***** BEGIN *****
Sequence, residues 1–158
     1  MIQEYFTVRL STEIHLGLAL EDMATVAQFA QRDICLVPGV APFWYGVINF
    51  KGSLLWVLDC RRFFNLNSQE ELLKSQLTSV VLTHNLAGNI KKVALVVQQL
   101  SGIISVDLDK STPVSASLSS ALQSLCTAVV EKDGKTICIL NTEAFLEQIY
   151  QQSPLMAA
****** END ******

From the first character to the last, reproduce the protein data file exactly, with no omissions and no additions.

Sequence, residues 1–158
     1  MIQEYFTVRL STEIHLGLAL EDMATVAQFA QRDICLVPGV APFWYGVINF
    51  KGSLLWVLDC RRFFNLNSQE ELLKSQLTSV VLTHNLAGNI KKVALVVQQL
   101  SGIISVDLDK STPVSASLSS ALQSLCTAVV EKDGKTICIL NTEAFLEQIY
   151  QQSPLMAA